WhichCar
Powered by
  • WheelsWheels
  • MOTORMOTOR
  • 4X4 Australia4X4 Australia
  • Street MachineStreet Machine
  • Trade Unique CarsTrade Unique Cars

Covid lockdowns fail to boost online car sales

By David Bonnici, 11 Dec 2020 Car News

buying a car online

A new survey shows that Australia's car industry failed to benefit from online shopping boom caused by coronavirus lockdowns

Need to Know:

  • Just 30 percent of Aussies would be comfortable buying a car online

  • Work from home has failed to sway consumer sentiment

  • Only 3.9 percent of those surveyed reckoned they would not need a car if they kept working from home

  • Car loan deferrals are on the rise

Online retail sales spiked in Australia during 2020 as people across the country endured some kind of coronavirus restrictions.

However, while Aussies were ordering food and buying shoes and jigsaw puzzles over the internet in record numbers, Covid-19 failed to have an impact on online vehicle sales.

Surveys carried out over the past few years have shown that about a third of Australians were ready to buy a car from a virtual showroom sight unseen.

The most recent poll, by online car financial brokers Savvy, suggests even being locked down hasn’t changed vehicle buying habits.

Furthermore, it will take some time to convince the remaining 70 percent.

buying car online

According to the survey of 1001 Australians, more than two-thirds said they were 'uncomfortable' about home-facilitated test drives, virtual demonstrations, remote payments, and dealer delivery, with more than half of them saying they were ‘extremely uncomfortable' with purchasing online.

Only four percent of all survey recipients said they were 'extremely comfortable’ with buying a car over the internet.

MORE: The future of online car retail

“It seems we’re not quite there yet when it comes to buying big assets like cars online,” said Savvy's managing director Bill Tsouvalas. “We don’t want to buy a car sight unseen, but we are still in the market for cars and vehicles in general.”

Tsouvalas says that overwhelming hesitancy to purchase a car online has contributed to Covid-19 having a bigger impact on vehicle sales in 2020 than it needed to.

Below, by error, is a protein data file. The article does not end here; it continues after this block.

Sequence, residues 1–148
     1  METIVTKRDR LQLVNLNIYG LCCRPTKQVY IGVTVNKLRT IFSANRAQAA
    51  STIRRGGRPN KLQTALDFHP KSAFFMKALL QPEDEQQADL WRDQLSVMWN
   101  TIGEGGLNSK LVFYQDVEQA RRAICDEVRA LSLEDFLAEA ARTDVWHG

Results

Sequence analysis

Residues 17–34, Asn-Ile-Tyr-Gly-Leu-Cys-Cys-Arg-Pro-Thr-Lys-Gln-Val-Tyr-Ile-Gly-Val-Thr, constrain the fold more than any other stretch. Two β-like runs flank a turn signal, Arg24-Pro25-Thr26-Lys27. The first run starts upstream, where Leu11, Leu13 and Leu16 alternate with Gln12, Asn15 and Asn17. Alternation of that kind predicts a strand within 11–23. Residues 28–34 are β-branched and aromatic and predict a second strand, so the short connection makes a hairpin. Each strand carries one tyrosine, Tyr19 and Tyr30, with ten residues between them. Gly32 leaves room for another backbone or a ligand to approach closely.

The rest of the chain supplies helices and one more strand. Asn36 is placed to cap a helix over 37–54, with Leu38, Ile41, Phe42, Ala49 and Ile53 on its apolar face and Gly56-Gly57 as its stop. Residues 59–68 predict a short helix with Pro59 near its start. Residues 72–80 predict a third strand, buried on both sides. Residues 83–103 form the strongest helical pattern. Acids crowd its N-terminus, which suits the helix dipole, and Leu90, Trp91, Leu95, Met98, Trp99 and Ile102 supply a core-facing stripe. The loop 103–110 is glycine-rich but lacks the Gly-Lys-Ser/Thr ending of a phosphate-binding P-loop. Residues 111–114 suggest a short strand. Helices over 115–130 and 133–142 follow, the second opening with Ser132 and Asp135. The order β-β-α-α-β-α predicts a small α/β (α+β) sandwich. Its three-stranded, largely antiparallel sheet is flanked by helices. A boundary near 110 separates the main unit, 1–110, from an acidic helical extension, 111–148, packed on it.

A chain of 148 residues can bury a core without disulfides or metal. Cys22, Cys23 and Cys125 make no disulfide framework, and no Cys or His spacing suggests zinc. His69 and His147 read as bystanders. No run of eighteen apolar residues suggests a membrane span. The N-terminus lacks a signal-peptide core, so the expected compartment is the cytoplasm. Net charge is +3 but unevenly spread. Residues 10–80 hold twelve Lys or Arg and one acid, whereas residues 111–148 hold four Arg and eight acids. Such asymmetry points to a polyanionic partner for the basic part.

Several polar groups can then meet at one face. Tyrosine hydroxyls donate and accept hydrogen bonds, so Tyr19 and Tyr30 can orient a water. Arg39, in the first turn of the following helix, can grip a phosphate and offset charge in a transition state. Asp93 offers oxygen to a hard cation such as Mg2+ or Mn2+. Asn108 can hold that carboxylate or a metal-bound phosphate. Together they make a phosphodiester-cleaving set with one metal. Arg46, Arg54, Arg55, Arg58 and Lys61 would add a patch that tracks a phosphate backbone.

“Work From Home doesn’t seem to have made much of a dent in consumer sentiment – but the fact many aren’t prepared to take a leap of electronic faith has.”

buying a car from home

The survey also showed the reasons why people held off purchasing a new car this year.

Not surprisingly, 20.7 percent of respondents said they were concerned about personal finances. Interestingly, that was one of the few reasons that could be attributed to Covid-19, with 9.6 percent saying they were still comfortable using public transport or alternative transport, and nine percent admitting they were waiting for better bargains.

Read next: Would you buy your next car online?

Just over 53 percent said they’re holding off as they say it’s too early to upgrade.

And with up to 4.3 million Aussies working from home at some point and not requiring a car to drive to work, just 3.9 percent of respondents said not having to commute was the reason they were holding off on buying a new vehicle.

onlibne car buying app

Tsouvalas said this reflects how cars are such a big part of people’s lives.

Read next: Should you buy a car online?

“Aussies see car ownership as fundamental, not just as a means from getting to and from work,” he said. “It’s for getting around, taking holidays, getting the kids to their activities, and just to have that sense of freedom.”

Car loan deferrals on the rise

The Savvy Finance survey also revealed that 25.5 percent of people with an active car loan requested a payment deferral during the pandemic.

And 20 percent of people on JobKeeper payments also directed some funds to cover their car loan repayments.

“One in four people have gained a deferral, which means lenders and brokers are trying hard to reach equitable arrangements with people undergoing hardship due to the pandemic,” Tsouvalas said.

“However, the industry must have a plan in place for vulnerable consumers when JobSeeker and JobKeeper end, if a robust recovery isn’t forthcoming.”